Melt 5 oz. unsweetened chocolate in 1 1/2 cups water
Add chocolate to batter with 1 teaspoon vanilla, 1 tablespoon almond extract and 1 tablespoon almond sugar
Mix well

Add 1 1/4 cup flour, 1 teaspoon baking soda and 1/2 teaspoon salt
Mix just until incorporated

Add 1 cup buttermilk and pulse until smooth

Add additional 1 1/4 cup flour

Whip egg whites and fold into mixture. Don't over mix, allow some of the whites to remain lumpy.

Pour into 2 prepared 9" cake pans (grease, wax paper, grease, flour)
Bake at 350°F for 30 minutes, or until cake springs back when lightly touched
Run knife along sides of pan, flip cakes onto wire rack, and remove wax paper
Let cool

I knew the cake topping needed to be a vanilla mouse, but I considered all week what to put between the sliced layers of cake... more mousse? chocolate frosting? almond butter? and when I looked in my fridge and saw the remaining cream mixture from the Walnut Pear Tartelettes, I had my answer.

1 stick butter
8 oz. cream cheese
1/4 teaspoon vanilla
1/4 teaspoon almond extract
Beat with mixer for several minutes, until smooth and airy

Slice each layer of cake in half and spread liberally

Once again, I am inspired by Tartelette
4 egg yolks
Pinch of salt
Whisk on high

In medium saucepan boil 1/2 cup water and 1/2 cup sugar to 238°F
Pour into egg yolks and continue to whisk

Dissolve 1/2 tablespoon gelatin in 2 tablespoons water
Pour into egg mixture and continue to whisk until mixture has tripled in volume

Beat 1 cup whipping cream
2 tablespoons sugar
1 teaspoon almond extract
1 teaspoon vanilla
1 teaspoon gelatin

Fold into egg mixture

Since you've already spread your walnut cream frosting between your two layers, simply spread your mouse between your two cakes and on top. Violà!

Tuesday, February 10, 2009

Candy Fondant Step One

I think I was about 17 when I caught wind that my mother was taking my older sister Tina to visit my Grandmother in Boise to learn how to make chocolates.

choc·o·lates (chô'kə-lĭts, chôk'lĭts, chŏk'-s)

  1. flavored cream fondant, caramel, nuts, or other savory items dipped in fermented, roasted, shelled, and ground cacao seeds then melted
  2. delicious confectionery recipe passed down through the Ouderkirk genealogical family line
  3. scratchmade love candy given to Gabriel by his gorgeous wife on Valentines day

Unfortunately, I learned that I was not invited. Who was invited, other than my mother and sister? my 6 old niece aptly named Catherine (my favorite name)! I thought that was ridiculous! I rarely got to see my Grandmother, and Tina spent her summers growing up on the family farm! Plus, it was time I got to learn how to make those chocolates! So, I finagled a way to secure an invitation: I offered to babysit. After all, how were they going to concentrate on making chocolates when a little child was running around? I knew however, that the the allure of Boise antique shops would be to much to resist, and I would have Bammieroo all to myself.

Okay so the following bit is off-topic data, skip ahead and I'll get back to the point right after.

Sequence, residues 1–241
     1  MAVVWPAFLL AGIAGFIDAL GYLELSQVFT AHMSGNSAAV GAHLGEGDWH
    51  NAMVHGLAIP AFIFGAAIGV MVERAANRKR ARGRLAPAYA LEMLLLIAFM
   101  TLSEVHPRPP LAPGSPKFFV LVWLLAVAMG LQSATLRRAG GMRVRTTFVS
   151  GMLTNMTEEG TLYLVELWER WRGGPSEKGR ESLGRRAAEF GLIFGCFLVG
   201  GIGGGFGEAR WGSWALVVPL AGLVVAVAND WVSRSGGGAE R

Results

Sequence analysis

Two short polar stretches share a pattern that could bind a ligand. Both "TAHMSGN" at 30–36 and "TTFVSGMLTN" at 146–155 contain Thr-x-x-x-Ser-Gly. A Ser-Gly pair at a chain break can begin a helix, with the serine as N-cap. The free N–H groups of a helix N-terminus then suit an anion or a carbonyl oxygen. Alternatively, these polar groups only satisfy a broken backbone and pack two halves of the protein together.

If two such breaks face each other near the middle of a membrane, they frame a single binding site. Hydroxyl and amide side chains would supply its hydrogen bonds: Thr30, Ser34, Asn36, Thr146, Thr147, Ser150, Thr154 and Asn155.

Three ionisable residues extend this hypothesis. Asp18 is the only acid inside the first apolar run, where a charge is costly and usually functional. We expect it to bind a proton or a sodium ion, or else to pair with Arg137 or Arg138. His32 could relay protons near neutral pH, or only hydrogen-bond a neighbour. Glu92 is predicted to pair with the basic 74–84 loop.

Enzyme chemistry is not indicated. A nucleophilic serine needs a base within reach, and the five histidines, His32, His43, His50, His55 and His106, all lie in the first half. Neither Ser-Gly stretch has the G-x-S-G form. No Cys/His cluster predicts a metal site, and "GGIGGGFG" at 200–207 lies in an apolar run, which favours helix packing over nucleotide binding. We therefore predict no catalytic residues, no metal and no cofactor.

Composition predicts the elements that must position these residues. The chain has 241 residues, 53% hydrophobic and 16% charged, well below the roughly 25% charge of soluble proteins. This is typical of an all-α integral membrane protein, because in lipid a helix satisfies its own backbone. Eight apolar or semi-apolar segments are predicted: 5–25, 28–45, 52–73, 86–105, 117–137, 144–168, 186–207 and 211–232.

I was right. They spent a few minutes at the house, but mostly the two of them were out and about picking up discarded, dirty, dusty duds.

They missed all the fun!! Catherine and I made a fun memory book of our time spent together with stickers, paints, and pictures, we watched a pirated DVD of the Titanic filmed from a theater with no sound that Bam picked up from a street vendor in NY, explored for hours outside on the acres and acres of land on the property, and flavored and dipped chocolates.

Catherine and Catherine

This blog entry will catalogue step one of candy making.

First, we will go over a couple must have things you need before you can get started. Most importantly is a heavy durable pan, ceramic, enamel, or waterless aluminum. Waterless aluminum is not your typical grocery store pan - a famous brand would be a Guardian Service pan, touted as being practically bullet proof. Regrettably you can no longer purchase these pans, but you can find beautiful enamel pans made by Le Creuset, or wonderful ceramic pans made by Calphalon, even at discount stores like Ross and TJMaxx. Also, the pan can be no smaller than 8" in diameter, and 4" deep. Second, it is in your best interest to have a stand mixer with a kneading hook, like a Bosch. I know that you can make candy without it, and I know that my Grandmother used to do it as well as countless other people, but I don't know why you would want to. And you must have a lid - no exceptions! Lastly, a marble slab, or some concoction that you can pour boiling liquid onto.

Now you are ready!

In your pan mix 2 cups sugar with 1 cup of cream and 1 tablespoon Karo syrup with a wooden spoon.

Place on burner and turn heat to med-high. Cover with lid, or substitute lid with aluminum foil. Do not stir.

Allow mixture to boil and rise to the top of the pan. This will prevent crystallization of the sugar, and speed up the cooking process. Once mixture has reached the top of the pan, remove lid and add 1 tablespoon of butter. Continue to cook until mixture reaches hard ball stage. Don't rely on a thermometer, this is old fashioned candy making, so leave modern appliances for the grunt work.

Once candy reaches the correct stage, pour onto well buttered marble slab to cool. The purpose for pouring the candy onto the slab is that you want to end the cooking process immediately. If it cools in the pan, it will continue to cook, and you will no longer have creamy candy fondant.

Allow the candy to cool until it comes up easily off the marble, and looks a bit wrinkly when contorted. Scoop candy into your mixer and turn on high. Or, if you choose to make the candy without a mixer, get out your wooden spoon and start weaving circle 8's through your fondant.